Paper Finds Key Role for Nitrogen Fixing Trees to Capturing Carbon

Photo by Marcos Guerra, Smithsonian Tropical Research Institute

Princeton University recently published a paper on carbon fixation by legume trees. It found that growing nitrogen fixing trees, or legumes, in recovering or new forests improved the forest growth and carbon storage capacity.

The increase in carbon storage capacity occurs because the nitrogen fixing trees provide their neighbor trees with that key nutrient that is important for tree growth. According to the study, legume species of trees took up carbon up to nine times faster than other species. They also accumulated as much as 40% of the carbon of a fully formed forest after only 12 years.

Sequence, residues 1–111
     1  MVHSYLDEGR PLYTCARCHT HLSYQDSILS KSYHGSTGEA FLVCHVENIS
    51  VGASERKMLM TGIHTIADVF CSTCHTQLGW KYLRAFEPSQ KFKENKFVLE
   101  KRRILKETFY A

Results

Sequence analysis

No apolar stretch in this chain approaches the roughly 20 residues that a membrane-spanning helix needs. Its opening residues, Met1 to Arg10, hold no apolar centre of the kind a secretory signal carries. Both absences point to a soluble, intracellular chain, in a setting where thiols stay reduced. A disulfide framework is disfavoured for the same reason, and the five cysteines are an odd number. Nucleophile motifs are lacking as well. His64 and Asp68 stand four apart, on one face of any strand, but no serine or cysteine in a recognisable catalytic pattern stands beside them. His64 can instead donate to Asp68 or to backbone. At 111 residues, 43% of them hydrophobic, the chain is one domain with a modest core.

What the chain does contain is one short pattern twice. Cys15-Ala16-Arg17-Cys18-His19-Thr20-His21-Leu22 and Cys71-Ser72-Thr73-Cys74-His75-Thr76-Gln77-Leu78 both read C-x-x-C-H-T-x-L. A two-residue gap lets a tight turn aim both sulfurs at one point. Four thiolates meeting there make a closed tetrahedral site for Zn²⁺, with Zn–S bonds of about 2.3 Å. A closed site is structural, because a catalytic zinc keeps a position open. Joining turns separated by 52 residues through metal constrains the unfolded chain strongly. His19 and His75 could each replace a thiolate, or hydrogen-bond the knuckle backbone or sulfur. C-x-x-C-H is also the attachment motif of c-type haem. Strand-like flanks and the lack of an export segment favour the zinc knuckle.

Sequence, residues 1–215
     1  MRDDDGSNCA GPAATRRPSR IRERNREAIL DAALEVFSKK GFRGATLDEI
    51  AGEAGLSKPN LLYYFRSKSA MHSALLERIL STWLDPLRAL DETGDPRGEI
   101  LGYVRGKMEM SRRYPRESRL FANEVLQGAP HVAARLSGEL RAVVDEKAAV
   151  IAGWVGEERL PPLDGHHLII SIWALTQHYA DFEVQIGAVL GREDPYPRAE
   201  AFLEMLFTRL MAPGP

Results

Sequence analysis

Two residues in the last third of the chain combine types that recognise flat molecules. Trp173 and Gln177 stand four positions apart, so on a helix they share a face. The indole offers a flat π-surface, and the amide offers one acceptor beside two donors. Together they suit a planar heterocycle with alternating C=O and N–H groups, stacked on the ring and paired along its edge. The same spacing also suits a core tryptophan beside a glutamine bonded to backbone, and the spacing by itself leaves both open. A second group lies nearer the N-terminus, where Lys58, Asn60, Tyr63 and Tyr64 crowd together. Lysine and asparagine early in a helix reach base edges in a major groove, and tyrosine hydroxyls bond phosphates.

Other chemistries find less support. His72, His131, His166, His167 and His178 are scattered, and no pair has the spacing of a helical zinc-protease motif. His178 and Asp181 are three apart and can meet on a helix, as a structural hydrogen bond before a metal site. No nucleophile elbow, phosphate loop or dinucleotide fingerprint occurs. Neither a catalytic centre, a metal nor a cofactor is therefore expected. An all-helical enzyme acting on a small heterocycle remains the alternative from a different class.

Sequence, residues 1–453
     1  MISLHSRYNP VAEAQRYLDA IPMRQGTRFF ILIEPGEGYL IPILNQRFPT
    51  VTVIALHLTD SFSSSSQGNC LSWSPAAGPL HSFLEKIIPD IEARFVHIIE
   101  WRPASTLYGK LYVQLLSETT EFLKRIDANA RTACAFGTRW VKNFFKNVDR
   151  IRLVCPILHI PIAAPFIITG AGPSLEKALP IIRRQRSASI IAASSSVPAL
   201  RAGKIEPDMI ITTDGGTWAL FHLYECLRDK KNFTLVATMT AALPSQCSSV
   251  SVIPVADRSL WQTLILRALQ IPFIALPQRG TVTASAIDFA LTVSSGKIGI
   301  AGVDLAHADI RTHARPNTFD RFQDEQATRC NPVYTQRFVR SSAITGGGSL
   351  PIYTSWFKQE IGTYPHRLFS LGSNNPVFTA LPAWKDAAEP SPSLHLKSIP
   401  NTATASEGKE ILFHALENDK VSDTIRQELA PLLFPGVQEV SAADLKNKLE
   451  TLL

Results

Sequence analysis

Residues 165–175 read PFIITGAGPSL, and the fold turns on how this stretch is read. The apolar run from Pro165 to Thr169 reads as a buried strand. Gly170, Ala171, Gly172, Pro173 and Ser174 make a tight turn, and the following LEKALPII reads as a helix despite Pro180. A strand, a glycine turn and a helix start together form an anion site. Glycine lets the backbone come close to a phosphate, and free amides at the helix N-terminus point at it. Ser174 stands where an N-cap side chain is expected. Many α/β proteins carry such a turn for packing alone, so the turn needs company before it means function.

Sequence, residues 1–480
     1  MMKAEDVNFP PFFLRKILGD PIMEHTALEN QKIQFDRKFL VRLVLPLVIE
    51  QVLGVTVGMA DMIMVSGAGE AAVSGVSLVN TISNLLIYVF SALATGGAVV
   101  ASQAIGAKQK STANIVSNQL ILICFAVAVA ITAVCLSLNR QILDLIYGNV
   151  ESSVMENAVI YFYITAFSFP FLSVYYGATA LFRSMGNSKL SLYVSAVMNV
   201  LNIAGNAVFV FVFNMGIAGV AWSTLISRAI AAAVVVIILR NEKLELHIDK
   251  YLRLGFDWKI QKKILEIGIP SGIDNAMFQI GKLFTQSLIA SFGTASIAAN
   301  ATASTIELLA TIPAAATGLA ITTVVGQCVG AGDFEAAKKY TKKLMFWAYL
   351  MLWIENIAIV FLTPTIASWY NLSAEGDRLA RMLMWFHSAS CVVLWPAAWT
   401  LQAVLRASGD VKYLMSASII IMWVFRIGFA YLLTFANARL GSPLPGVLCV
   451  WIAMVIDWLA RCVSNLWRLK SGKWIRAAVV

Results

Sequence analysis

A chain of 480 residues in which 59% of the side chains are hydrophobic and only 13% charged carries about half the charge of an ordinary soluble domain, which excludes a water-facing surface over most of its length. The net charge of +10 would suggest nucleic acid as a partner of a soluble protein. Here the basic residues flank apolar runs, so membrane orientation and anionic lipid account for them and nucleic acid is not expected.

There are two findings that are important for our own work.

The first is that having legume trees as part of a reforestation project accelerates the growth of other trees in the stand; an important benefit for managed timber plantations. We plant Rosewood (dalbergia retusa), a leguminous species, throughout our 25 hectares of mixed species plantation.

Secondly, the trees sequester and store more carbon because they’re growing quicker. That is very important for those of us concerned with climate change and the need to slow and stop the CO2 levels in the atmosphere.

We hope more research is done in this area and look forward to maybe even participating in it in the future. Learn more about the tropical woods we’re growing.